Once the undergarments are in place, the funeral director will then begin the process of applying the chosen clothing. They typically start this process by cutting the back of the clothing before they put it on. This is to help the clothing fit on the deceased easily without needing to manipulate stiff muscles and ligaments to apply the clothing traditionally.

Cutting the deceased’s clothing can help the funeral director apply it easier and allows them to tailor the clothes to the body. Above, we discussed the likelihood of losing weight just before death, and this is a great way to help clothing to still fit the deceased. This can also help prevent the family from buying new clothes or settling for a different, unwanted outfit.


Next, the funeral director will place any extra accessories on the deceased as requested by the family. This is also when they will attempt to put on shoes if the family provides them. During this step, morticians typically add things like jewelry or wedding rings to the deceased as requested.

If the funeral director can’t add shoes or the family doesn’t include them in the provided clothing, it’s common for the mortician to ask for socks, tights, or even slippers to replace traditional shoes. If the chosen shoes do not fit, funeral directors typically still place them in the casket with the deceased.

Hair and Makeup

The next step in the dressing process is hair and makeup. Contrary to what some may believe, morticians apply makeup to both men and women to make them appear as normal and peaceful as possible.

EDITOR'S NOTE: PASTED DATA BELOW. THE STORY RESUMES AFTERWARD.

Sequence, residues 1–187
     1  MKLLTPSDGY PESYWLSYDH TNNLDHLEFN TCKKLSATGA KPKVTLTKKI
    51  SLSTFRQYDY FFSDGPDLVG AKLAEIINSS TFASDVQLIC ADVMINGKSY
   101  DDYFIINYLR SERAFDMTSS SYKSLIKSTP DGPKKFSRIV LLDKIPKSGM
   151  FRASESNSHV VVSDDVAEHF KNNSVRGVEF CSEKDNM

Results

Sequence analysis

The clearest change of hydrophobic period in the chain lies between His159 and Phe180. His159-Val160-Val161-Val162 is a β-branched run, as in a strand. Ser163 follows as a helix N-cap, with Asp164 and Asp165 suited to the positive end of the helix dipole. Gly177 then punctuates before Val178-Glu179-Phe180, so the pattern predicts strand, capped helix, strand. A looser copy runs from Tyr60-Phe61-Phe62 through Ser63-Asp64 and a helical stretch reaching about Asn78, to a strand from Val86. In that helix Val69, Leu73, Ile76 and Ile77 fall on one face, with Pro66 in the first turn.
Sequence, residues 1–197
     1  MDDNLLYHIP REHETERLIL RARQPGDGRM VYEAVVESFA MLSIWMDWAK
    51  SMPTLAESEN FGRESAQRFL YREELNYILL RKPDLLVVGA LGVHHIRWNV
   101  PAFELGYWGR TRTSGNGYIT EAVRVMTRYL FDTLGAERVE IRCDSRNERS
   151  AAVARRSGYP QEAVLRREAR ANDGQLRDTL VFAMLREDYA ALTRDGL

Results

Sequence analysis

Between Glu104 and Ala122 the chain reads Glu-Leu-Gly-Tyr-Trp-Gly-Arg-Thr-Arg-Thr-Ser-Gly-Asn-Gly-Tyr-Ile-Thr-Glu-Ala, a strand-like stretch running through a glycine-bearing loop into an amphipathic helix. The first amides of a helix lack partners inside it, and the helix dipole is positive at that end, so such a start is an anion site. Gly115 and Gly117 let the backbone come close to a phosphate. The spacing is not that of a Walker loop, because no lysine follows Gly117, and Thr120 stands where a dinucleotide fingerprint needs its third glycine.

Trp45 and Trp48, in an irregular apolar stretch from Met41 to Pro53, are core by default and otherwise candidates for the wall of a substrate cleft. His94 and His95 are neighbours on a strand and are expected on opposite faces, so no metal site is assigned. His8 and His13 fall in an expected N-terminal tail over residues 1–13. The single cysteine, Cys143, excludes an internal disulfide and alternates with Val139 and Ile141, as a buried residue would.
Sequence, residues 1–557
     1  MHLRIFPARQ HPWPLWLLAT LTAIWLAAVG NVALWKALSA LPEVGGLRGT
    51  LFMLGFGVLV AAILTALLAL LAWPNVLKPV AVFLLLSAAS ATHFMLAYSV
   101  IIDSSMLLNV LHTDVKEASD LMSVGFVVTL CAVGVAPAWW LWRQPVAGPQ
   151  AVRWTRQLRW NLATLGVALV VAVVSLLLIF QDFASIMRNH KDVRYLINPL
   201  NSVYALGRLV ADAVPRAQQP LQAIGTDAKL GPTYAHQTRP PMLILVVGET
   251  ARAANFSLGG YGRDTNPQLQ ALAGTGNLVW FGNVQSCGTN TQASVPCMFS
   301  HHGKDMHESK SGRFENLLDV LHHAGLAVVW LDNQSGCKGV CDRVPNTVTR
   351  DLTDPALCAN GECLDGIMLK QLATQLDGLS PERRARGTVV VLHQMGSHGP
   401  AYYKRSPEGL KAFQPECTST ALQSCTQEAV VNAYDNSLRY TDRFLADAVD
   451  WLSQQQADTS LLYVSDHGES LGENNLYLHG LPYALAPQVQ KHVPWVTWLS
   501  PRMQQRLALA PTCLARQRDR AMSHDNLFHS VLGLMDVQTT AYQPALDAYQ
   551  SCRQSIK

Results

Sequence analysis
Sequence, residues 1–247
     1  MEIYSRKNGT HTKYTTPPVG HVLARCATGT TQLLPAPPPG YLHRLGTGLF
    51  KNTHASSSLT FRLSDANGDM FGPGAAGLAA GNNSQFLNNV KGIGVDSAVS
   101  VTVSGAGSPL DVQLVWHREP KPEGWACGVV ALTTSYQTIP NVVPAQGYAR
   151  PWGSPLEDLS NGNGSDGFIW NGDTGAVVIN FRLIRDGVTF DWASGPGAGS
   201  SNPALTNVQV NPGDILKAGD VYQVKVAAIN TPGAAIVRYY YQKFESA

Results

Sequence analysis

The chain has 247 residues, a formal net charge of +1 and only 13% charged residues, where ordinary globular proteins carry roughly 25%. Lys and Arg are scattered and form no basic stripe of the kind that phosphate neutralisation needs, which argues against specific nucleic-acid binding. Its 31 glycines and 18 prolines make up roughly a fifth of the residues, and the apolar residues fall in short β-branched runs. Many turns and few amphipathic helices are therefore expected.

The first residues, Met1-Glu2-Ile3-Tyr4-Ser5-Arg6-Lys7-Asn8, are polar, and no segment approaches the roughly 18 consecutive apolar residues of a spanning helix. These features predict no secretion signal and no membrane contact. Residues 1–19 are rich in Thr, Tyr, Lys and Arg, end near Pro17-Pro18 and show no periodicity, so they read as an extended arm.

The body goes through many changes after death, including major skin discoloration. Without the consistent flow of blood running through the veins, a dead body appears pale and often looks colorless. So, morticians will cover the skin with makeup to give it a more natural look. This can help family and friends to view the body without being shocked by the off-putting color.

Funeral directors also style the hair of the deceased to look as presentable as possible. Typically this means that they brush through the hair, ensuring there’s no knotting. However, some families choose to have a professional hairstylist style their loved one’s hair for the funeral and burial.

The family may choose to consult a hairstylist if they want to ensure the deceased looks as put together as possible for the service. This is also common for people who prefer to have their hair styled a certain way. Some families want to respect that even after death and will consult with a hairstylist to ensure their loved one looks like they normally would.

Arranging in the Casket

Once the above steps are complete, the funeral director will place the deceased in their casket in preparation for the funeral service. While a machine typically transports the body, the funeral director is responsible for arranging the body and clothing to look as presentable as possible for the service.

They’ll make any necessary final adjustments to the body before and even during the funeral if necessary. The typical funeral pose is not something that just happens naturally. The funeral director arranges the body this way and ensures that they remain this way throughout the service.

The family isn’t responsible for moving the body during the service as this can be difficult and traumatizing for them. So, the funeral director will be there to step in if needed.

Final Thoughts

While it’s uncommon, some people still prefer the deceased to wear shoes. If you want your loved one to wear shoes in their casket, make sure you provide them to the funeral director along with the chosen clothing.

While the choice is up to you, it’s not always possible to accommodate your wishes. If the funeral director can’t put shoes on the deceased, they’ll either return them to the family or place them in the casket beside the deceased.


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Alex Noel

Hi there! I'm Alex Noel and live in Indianapolis, Indiana. I started this website to share my experience. My goal is to provide Americans a more fulfilling goodbye.